Budget 2020: Farmers fears’ over loss of tax breaks prove unfounded
- Credit: PA
Suffolk and Essex farmers will be breathing a sigh of relief as the industry’s main tax perks escaped unscathed in the Budget.
With new chancellor Rishi Sunak fully focused on measures to alleviate the effects of the global coronavirus outbreak, fears that farmers might lose their Agricultural Property Relief, Business Property Relief and Red Diesel Rebate proved unfounded.
Country Land and Business Association (CLA) East regional director Cath Crowther praised temporary measures to help small businesses through the virus crisis, and expressed relief that there was no negative change introduced on taxing farms during a 'steady as she goes' Budget speech.
MORE - Farming faces 'massive disruptor event' as UK government takes sector in new directionBut she pointed out that the industry couldn't rule out the possibility that the issue might re-emerge at a future point and that intensive lobbying must continue.
'This was a budget that backed small businesses through difficult times,' she said.
'We welcome the measures set out by the chancellor to extend the retail discount to the hospitality and leisure sector, as well as abolishing business rates altogether for one year for firms with a rateable value below £51,000. This provides businesses not just with the opportunity to survive the Coronavirus scare, but to properly plan for the future and grow their enterprises.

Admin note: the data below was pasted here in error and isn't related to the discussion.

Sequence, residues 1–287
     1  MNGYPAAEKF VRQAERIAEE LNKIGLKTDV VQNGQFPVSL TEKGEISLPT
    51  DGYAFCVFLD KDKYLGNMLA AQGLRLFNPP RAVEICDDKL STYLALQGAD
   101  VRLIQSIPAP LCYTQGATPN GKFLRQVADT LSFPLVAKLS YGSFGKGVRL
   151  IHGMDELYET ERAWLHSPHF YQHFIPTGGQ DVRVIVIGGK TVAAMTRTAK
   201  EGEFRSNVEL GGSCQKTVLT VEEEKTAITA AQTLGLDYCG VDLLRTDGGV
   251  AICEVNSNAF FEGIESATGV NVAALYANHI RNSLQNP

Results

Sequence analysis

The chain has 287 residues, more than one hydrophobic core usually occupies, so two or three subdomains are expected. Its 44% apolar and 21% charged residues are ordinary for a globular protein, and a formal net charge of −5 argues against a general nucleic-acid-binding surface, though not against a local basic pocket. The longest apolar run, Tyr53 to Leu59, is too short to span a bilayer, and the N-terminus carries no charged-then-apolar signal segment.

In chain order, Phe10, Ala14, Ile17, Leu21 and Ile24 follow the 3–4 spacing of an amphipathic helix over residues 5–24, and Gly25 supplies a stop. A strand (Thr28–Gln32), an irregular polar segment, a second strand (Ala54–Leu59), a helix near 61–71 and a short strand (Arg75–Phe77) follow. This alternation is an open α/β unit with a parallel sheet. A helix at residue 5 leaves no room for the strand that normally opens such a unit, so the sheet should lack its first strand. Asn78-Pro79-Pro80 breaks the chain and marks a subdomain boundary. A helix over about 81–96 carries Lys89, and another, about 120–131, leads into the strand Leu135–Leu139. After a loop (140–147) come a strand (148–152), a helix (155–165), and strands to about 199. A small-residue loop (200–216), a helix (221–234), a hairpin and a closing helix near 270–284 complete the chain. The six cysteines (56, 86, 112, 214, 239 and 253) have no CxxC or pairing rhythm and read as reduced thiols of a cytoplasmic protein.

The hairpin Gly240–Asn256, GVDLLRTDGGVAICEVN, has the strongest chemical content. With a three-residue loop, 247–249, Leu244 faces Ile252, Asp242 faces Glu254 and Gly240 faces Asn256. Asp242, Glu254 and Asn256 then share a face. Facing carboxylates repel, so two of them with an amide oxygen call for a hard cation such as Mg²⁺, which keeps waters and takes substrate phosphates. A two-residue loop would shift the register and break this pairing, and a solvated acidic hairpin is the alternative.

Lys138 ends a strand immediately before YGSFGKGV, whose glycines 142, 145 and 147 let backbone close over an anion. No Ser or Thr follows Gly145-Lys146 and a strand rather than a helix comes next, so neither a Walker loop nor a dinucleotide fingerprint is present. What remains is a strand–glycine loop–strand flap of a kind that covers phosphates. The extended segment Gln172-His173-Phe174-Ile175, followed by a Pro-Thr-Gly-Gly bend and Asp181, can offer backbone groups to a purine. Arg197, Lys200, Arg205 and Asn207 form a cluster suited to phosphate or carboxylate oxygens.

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She added: 'Rumours that Agricultural Property Relief, Business Property Relief and the Red Diesel Rebate might be scrapped caused significant concern among farmers, and the CLA lobbied the Treasury, Department for Environment, Food and Rural Affairs (DEFRA), MPs and officials intensively as a result.
'However, the fact we had to make the argument in the first place shows we must continue to fight for family businesses.'
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National Farmers' Union president Minette Batters described the decision to retain relief on red diesel as 'the most significant decision today for British farmers'.
'This is absolutely crucial and we are pleased to see the chancellor has acknowledged our concerns. Red diesel is the primary fuel to run the majority of agricultural machinery and it is incredibly important for the farm businesses that produce the nation's high quality and affordable food.'
Many of farm businesses had experienced the wettest winter in recent memory and thousands still found themselves underwater, she said, adding that she was 'really pleased' to see an increase of £5.2bn going into flood defences as she urged government to recognise and reward farmers whose farmland is used to store floodwater.